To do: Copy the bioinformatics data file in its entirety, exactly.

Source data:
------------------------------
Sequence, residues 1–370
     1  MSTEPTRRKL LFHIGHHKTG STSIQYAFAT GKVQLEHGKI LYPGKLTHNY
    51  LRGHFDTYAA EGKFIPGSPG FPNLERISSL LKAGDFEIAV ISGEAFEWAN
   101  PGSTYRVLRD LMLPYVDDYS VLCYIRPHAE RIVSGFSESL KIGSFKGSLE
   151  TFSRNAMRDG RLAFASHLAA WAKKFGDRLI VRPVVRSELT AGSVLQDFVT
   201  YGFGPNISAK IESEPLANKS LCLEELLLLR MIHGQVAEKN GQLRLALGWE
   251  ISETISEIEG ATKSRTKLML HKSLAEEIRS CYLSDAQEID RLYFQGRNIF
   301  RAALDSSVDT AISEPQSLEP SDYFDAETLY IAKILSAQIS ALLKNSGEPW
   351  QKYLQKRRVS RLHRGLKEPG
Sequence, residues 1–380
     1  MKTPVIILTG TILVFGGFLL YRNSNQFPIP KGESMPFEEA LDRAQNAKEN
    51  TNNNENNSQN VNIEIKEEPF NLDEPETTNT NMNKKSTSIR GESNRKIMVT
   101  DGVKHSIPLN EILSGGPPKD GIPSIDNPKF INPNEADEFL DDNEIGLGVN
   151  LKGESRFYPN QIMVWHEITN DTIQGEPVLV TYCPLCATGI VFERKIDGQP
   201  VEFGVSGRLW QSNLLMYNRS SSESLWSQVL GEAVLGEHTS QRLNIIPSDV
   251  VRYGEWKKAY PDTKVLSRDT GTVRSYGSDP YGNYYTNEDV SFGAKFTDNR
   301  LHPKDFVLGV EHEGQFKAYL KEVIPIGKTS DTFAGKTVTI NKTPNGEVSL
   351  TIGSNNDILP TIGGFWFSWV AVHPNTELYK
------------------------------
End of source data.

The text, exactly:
Sequence, residues 1–370
     1  MSTEPTRRKL LFHIGHHKTG STSIQYAFAT GKVQLEHGKI LYPGKLTHNY
    51  LRGHFDTYAA EGKFIPGSPG FPNLERISSL LKAGDFEIAV ISGEAFEWAN
   101  PGSTYRVLRD LMLPYVDDYS VLCYIRPHAE RIVSGFSESL KIGSFKGSLE
   151  TFSRNAMRDG RLAFASHLAA WAKKFGDRLI VRPVVRSELT AGSVLQDFVT
   201  YGFGPNISAK IESEPLANKS LCLEELLLLR MIHGQVAEKN GQLRLALGWE
   251  ISETISEIEG ATKSRTKLML HKSLAEEIRS CYLSDAQEID RLYFQGRNIF
   301  RAALDSSVDT AISEPQSLEP SDYFDAETLY IAKILSAQIS ALLKNSGEPW
   351  QKYLQKRRVS RLHRGLKEPG
Sequence, residues 1–380
     1  MKTPVIILTG TILVFGGFLL YRNSNQFPIP KGESMPFEEA LDRAQNAKEN
    51  TNNNENNSQN VNIEIKEEPF NLDEPETTNT NMNKKSTSIR GESNRKIMVT
   101  DGVKHSIPLN EILSGGPPKD GIPSIDNPKF INPNEADEFL DDNEIGLGVN
   151  LKGESRFYPN QIMVWHEITN DTIQGEPVLV TYCPLCATGI VFERKIDGQP
   201  VEFGVSGRLW QSNLLMYNRS SSESLWSQVL GEAVLGEHTS QRLNIIPSDV
   251  VRYGEWKKAY PDTKVLSRDT GTVRSYGSDP YGNYYTNEDV SFGAKFTDNR
   301  LHPKDFVLGV EHEGQFKAYL KEVIPIGKTS DTFAGKTVTI NKTPNGEVSL
   351  TIGSNNDILP TIGGFWFSWV AVHPNTELYK